What to watch before or after "Parasite"
After its historic night at the Oscars, with wins for Best Picture, Director, Original Screenplay, and International Feature, the curiosity and excitement about Parasite is as strong as ever.
As of this writing, there are currently over 200 holds on Anythink’s Blu Ray and DVD copies of the film.
I would hazard a guess that many of you on the hold list haven’t seen the film and want to know what all the fuss is about. But I know there are also people waiting to see the film again. It’s the kind of film made for rewatching, with its twisty plot, charismatic and heartbreaking performances, intricate filmmaking, and provocative themes. I can’t wait to see it again myself.
But what should you watch in the meantime, as you wait for your copy to come in on hold? This is something I’ve been pondering the last couple weeks, and I’ve come up with a few recommendations that should satisfy, whether you’re waiting to see the film for the first time or can’t wait to rewatch it.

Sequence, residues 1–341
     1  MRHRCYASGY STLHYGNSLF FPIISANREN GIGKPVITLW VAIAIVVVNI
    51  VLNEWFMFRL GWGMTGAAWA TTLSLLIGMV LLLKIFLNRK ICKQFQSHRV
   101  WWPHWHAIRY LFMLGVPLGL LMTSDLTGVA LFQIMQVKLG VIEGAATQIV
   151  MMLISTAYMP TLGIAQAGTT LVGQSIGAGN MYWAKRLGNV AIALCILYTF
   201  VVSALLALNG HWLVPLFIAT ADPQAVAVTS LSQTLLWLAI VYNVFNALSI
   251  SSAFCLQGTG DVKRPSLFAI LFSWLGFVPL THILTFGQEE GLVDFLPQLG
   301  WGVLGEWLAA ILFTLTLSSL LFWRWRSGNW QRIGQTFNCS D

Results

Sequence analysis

The obvious place to start is with writer-director Bong Joon-ho’s earlier filmography. Director Bong’s previous films run the gamut in terms of genre, from the atmospheric mysteries Memories of Murder and Mother, to the monster movie The Host. Although, it’s a far cry from Parasite in terms of genre and tone, I would recommend Bong’s 2013 film Snowpiercer.
That film thrusts us into an apocalyptic landscape of wintry terror as humanity’s last survivors struggle under oppressive conditions aboard a massive train powered by a perpetual motion machine.
Like Parasite, Snowpiercer explores class dynamics, though in an even more overtly symbolic manner than Parasite. In the film, all of humanity’s poor are at the back of the train; the further you progress toward the engine, the better the accommodations. The back of the train is cramped, dirty, dark, grungy; a dizzying, jolting slum on wheels. The middle- and upper-class cars, on the other hand, contain well-lit classrooms, a massive aquarium that arches overhead and even a sushi bar.
Snowpiercer is thematically rich, but it’s also a fun (and occasionally quite violent) action film, as the train’s poorer denizens, led by a reluctant hero named Curtis (Chris Evans) fight their way to the front of the train. We also get some of Director Bong’s wonderfully loopy humor, courtesy Tilda Swinton’s character, the train’s second-in-command who eventually becomes a hostage.
Though perhaps not as elegant as Parasite, Snowpiercer showcases Bong Joon-ho’s unique style and all-too-rare craft at combining an entertaining story with big ideas.